Newsmaker: Paul Watson

On Monday the Patagonian toothfish, or Chilean seabass, joined the many species of the world that owe a debt of gratitude to a man regarded by some as a dangerous eco-terrorist, and by others as the original rainbow warrior, who for the past four decades has fought an uncompromising fight against the evils of “speciesism”. […]

On Monday the Patagonian toothfish, or Chilean seabass, joined the many species of the world that owe a debt of gratitude to a man regarded by some as a dangerous eco-terrorist, and by others as the original rainbow warrior, who for the past four decades has fought an uncompromising fight against the evils of “speciesism”.

The event was a curious PR act by the Indonesian authorities – the spectacular blowing up of an illegal fishing ship, the last of a fleet dubbed “The Bandit Six” by Paul Watson, whose Sea Shepherd Conservation Society had hounded them to extinction.

It was, however, exactly the sort of stunt that would have appealed to the flamboyant “Captain” Watson, a controversial self-appointed vigilante of the high seas who has compared the hunting of whales to the Holocaust and who was kicked out of Greenpeace for his embrace of more direct action than it could stomach.

“The Bandit Six, the outlaw fleet of Southern Ocean high seas poachers, have all been shut down,” Watson wrote in a celebratory post this week. “And Sea Shepherd did it.”

Operation Icefish was without doubt an extraordinary achievement by Sea Shepherd, which in 15 months accomplished with two ships what no government had been able to do for more than a decade.

But as many friends and admirers that Watson’s brand of eco-piracy has won, his aggressive tactics have earned him an equal number of enemies.

As The New York Times noted in 2007, “his impressive ego, his argumentativeness, his love of theatrics, his tendency to bend the truth, his willingness to risk lives or injury for his beliefs (or for publicity), and his courage (or recklessness) have earned him both loathing and veneration”.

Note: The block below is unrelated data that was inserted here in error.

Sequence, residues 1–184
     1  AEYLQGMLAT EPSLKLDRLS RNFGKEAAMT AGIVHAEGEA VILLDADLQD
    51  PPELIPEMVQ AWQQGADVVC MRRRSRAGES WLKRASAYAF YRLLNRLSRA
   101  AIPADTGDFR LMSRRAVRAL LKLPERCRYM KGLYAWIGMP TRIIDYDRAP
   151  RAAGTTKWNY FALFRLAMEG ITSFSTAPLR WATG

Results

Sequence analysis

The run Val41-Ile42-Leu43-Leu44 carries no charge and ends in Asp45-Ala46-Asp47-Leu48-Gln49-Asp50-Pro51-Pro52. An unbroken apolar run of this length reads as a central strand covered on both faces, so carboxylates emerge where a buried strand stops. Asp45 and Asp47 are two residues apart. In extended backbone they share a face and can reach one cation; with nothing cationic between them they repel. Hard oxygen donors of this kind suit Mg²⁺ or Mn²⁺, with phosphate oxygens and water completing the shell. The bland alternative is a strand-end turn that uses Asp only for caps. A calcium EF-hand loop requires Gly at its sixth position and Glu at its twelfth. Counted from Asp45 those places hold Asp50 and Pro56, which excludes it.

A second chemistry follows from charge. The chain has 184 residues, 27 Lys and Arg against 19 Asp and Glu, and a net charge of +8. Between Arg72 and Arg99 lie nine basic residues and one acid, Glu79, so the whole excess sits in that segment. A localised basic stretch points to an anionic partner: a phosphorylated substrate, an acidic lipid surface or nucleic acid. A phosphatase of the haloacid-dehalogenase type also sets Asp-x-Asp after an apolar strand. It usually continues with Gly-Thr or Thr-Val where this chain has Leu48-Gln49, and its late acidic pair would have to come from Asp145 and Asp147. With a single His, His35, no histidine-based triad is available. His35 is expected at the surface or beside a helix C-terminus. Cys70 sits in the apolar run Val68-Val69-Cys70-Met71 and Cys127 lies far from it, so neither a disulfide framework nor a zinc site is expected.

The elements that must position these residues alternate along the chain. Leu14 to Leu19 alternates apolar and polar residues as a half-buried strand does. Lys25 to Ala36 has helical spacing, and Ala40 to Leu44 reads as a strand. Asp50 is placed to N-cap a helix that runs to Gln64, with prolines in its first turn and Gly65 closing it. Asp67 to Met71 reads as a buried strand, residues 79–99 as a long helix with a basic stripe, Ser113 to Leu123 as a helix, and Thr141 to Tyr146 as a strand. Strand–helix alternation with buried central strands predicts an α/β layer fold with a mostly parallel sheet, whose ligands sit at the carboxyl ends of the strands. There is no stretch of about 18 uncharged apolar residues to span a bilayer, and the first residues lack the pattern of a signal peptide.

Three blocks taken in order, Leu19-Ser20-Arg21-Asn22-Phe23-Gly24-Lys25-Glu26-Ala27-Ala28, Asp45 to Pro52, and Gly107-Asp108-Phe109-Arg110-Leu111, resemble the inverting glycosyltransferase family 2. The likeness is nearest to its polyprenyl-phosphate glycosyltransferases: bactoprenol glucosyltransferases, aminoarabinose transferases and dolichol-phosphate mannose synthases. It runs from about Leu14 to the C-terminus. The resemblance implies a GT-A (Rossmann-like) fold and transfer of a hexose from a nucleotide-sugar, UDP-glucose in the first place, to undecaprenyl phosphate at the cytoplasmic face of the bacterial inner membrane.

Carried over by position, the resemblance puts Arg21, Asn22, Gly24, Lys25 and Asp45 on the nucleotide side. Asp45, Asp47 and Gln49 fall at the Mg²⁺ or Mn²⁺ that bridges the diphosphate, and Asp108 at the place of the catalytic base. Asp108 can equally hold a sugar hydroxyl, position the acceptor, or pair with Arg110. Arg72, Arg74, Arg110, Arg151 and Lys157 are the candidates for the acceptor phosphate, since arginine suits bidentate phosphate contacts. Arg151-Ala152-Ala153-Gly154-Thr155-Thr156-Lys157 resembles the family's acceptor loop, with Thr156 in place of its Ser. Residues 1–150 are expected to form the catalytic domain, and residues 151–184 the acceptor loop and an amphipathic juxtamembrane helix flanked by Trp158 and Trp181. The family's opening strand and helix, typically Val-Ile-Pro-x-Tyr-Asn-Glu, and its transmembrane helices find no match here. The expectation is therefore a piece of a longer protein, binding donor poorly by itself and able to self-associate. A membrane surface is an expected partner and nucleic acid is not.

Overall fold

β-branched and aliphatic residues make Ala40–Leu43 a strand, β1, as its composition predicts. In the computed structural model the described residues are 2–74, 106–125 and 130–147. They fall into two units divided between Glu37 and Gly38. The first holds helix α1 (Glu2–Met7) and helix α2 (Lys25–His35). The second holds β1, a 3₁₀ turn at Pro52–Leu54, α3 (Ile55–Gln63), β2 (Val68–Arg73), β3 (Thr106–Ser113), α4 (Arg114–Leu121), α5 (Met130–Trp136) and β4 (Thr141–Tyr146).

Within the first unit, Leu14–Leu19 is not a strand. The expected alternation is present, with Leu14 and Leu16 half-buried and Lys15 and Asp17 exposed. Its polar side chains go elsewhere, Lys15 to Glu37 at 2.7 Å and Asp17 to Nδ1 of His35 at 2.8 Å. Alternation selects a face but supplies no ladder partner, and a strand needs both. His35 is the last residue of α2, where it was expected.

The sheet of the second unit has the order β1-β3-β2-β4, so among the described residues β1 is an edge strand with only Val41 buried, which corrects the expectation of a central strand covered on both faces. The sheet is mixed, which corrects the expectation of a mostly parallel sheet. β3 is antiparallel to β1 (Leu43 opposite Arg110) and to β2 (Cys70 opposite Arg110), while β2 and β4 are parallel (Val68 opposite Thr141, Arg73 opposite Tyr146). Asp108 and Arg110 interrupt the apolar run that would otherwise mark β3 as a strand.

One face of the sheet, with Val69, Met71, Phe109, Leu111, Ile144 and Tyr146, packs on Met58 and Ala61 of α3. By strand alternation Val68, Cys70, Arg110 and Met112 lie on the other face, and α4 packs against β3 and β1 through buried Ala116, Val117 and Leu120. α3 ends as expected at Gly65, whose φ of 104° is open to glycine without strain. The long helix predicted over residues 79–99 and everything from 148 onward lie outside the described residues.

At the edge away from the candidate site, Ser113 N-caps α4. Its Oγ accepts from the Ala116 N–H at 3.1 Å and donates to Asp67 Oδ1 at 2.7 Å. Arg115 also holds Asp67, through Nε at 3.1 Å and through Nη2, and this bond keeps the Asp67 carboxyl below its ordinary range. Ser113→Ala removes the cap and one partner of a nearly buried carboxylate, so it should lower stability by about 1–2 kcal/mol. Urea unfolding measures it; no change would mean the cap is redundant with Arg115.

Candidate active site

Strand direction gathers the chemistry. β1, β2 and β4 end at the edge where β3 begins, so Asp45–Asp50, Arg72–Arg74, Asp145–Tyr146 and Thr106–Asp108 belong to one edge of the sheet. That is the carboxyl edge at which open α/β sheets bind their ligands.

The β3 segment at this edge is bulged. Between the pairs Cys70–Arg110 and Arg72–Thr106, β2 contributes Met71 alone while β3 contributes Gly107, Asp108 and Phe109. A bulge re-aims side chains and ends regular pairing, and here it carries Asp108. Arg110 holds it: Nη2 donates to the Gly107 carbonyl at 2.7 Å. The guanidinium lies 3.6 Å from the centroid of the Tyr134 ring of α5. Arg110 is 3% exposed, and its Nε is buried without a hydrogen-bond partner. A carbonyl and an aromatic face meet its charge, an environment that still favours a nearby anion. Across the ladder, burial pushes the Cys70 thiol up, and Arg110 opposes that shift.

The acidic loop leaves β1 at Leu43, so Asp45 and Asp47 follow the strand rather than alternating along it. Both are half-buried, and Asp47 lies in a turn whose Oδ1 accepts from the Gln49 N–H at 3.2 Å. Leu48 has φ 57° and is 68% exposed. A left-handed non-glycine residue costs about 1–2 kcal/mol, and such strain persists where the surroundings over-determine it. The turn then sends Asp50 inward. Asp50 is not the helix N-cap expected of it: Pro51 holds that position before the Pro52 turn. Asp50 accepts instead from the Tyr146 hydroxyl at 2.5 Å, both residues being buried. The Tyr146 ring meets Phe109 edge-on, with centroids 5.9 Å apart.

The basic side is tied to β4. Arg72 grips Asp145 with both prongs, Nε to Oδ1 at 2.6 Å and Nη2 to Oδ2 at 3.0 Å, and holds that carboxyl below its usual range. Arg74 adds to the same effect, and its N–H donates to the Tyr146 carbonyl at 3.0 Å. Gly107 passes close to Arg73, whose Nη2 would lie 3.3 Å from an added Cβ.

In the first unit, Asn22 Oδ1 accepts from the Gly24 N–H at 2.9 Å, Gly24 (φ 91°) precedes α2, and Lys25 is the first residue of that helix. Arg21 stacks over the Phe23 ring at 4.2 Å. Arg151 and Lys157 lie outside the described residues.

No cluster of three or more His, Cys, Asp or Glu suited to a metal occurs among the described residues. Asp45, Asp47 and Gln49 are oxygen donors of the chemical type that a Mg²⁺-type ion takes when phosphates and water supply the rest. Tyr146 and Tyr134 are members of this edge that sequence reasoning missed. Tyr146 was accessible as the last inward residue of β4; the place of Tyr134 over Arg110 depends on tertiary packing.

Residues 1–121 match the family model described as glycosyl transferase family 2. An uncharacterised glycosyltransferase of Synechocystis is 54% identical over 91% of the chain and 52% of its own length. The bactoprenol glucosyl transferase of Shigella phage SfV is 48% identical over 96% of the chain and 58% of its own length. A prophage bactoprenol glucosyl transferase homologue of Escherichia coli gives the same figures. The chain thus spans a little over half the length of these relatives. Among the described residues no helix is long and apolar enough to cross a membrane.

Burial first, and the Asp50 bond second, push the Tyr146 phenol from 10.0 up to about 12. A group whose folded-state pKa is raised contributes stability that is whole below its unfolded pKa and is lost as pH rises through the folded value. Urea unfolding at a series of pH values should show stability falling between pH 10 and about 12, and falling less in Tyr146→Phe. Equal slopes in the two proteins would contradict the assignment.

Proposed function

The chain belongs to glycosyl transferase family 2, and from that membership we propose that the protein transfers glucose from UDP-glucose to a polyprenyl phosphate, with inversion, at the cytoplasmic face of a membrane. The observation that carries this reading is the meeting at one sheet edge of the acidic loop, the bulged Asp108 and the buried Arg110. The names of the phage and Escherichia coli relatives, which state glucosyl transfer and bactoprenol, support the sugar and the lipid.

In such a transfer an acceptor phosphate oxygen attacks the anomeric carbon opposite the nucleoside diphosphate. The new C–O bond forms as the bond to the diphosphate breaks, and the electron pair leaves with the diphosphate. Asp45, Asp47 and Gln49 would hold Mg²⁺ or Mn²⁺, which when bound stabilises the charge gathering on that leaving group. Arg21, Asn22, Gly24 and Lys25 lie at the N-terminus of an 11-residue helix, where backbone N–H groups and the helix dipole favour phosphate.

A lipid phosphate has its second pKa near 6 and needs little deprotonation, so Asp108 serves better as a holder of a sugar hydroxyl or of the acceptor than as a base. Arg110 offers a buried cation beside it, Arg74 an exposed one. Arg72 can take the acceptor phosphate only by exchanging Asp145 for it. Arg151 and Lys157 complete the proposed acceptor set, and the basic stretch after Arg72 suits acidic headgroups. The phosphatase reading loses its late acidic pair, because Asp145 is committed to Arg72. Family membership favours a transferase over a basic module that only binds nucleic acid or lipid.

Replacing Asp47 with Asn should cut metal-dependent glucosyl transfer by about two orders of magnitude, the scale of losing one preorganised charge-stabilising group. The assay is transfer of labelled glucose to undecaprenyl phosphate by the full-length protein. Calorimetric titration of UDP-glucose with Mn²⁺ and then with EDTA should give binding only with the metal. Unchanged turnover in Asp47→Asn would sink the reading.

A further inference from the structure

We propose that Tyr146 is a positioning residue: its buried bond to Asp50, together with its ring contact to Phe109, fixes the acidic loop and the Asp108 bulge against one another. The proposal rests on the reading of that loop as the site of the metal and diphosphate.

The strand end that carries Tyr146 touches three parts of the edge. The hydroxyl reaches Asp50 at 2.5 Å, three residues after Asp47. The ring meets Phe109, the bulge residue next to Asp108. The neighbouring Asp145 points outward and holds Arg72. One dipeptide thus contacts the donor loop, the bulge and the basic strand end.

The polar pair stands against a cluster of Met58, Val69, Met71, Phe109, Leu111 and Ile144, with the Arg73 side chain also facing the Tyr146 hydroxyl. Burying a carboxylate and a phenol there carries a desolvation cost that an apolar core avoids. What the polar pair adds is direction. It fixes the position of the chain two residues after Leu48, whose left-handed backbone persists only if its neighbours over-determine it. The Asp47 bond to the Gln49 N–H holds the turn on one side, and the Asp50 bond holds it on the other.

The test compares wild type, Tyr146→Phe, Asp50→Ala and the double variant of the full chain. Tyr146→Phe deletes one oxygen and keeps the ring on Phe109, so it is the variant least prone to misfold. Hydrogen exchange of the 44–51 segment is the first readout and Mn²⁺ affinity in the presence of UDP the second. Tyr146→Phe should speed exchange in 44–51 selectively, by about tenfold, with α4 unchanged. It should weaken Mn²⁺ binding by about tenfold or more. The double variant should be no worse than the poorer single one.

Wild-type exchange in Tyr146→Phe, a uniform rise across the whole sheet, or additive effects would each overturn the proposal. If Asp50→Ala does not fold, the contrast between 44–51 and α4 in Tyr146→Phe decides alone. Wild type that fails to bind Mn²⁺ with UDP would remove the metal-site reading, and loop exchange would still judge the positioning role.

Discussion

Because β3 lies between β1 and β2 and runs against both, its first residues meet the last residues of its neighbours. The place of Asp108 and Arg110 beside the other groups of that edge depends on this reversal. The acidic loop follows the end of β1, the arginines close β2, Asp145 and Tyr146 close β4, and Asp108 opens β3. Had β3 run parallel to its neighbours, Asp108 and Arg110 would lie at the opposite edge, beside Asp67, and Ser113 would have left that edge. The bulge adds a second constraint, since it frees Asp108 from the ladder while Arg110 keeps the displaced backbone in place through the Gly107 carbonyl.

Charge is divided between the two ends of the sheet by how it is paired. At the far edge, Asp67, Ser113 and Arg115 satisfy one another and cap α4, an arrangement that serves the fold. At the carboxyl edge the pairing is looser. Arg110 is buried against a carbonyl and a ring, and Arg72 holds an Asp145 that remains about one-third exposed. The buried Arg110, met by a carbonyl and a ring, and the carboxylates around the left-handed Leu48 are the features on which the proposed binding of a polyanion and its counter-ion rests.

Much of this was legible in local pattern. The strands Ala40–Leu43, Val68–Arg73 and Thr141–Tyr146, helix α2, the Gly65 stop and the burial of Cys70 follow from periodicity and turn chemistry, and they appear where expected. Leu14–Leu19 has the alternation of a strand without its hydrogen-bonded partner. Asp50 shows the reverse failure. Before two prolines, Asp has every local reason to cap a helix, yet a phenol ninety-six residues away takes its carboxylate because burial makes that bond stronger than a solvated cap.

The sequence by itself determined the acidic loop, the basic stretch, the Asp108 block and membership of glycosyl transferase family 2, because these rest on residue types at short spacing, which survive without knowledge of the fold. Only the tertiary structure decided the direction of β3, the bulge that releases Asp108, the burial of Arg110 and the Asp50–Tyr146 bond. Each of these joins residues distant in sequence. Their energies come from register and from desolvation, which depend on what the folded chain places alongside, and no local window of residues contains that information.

Which is how he likes it. “I wouldn’t think I was successful,” once said the man whose ships fly the pirate flag, the Jolly Roger, “if I didn’t have just as many people hate me as support me.”

As for ego, “nobody could do what I do unless you had a big ego … you have to be arrogant enough to challenge the arrogance of the human race.”

Paul Franklin Watson was born in Toronto in 1950, the first of seven children. His father was Anthony Watson, a French-Canadian from New Brunswick, and his mother was Annamarie Larsen, daughter of Danish artist Otto Larsen.

He claims his Canadian roots go back “fourteen generations to 1587” but, as matters stand, he is currently barred from his home country.

“I am a Canadian,” he wrote on his Facebook page in June last year, “but I don’t have a Canadian passport.” Stephen Harper, then Canada’s prime minister, took it from him, he says, “because Japan asked him to”.

For now, he lives in Paris with Russian animal rights activist and fellow vegan Yana Rusinovich, whom he married on Valentine’s Day last year.

In 1980 he had a child, Lilliolani Paula Lum Watson, with his then partner Starlet Melody Lum.

The future activist was six when his family moved to St Andrews-by-the-Sea in New Brunswick and it was there, according to his biography on the Sea Shepherd website, that the nine-year-old Watson first discovered his passion for animal welfare.

“After trappers killed one of his beaver friends,” reads the account, he “set out to confiscate and destroy leg-hold traps.”

Watson lived in New Brunswick, until his mother’s death in January 1964, when his father moved the family back to Toronto. Three years later, at the age of 17, Watson went to sea for the first time, shovelling coal on the steamship ferry Princess Marguerite II, which shuttled vehicles and passengers between Victoria and Seattle.

After a spell in the Canadian Coastguard, Watson joined demonstrations against American nuclear testing at Amchitka Island, on the US-Canadian border, and claims to have been one of the “founding members and directors of Greenpeace”, which grew out of the protests in 1972.

Greenpeace makes no mention of Watson on its founders page, but points out that in 1977 he was “expelled from the leadership of Greenpeace … by a vote of 11 to one”. Watson says he voluntarily left the organisation “on rather good terms”.

Either way, Greenpeace and Watson were a bad fit.

Bob Hunter, one of the Greenpeace founders, wrote in Warriors of the Rainbow, his 1979 account of the organisation’s early days, that Watson was “possessed by too powerful a drive, too unrelenting a desire to push himself front and centre”.

Today, says Watson, Greenpeace has got it in for him “because of Sea Shepherd interventions against Japanese whaling and criticisms of Greenpeace ineffectiveness” and is now “trying to change history”.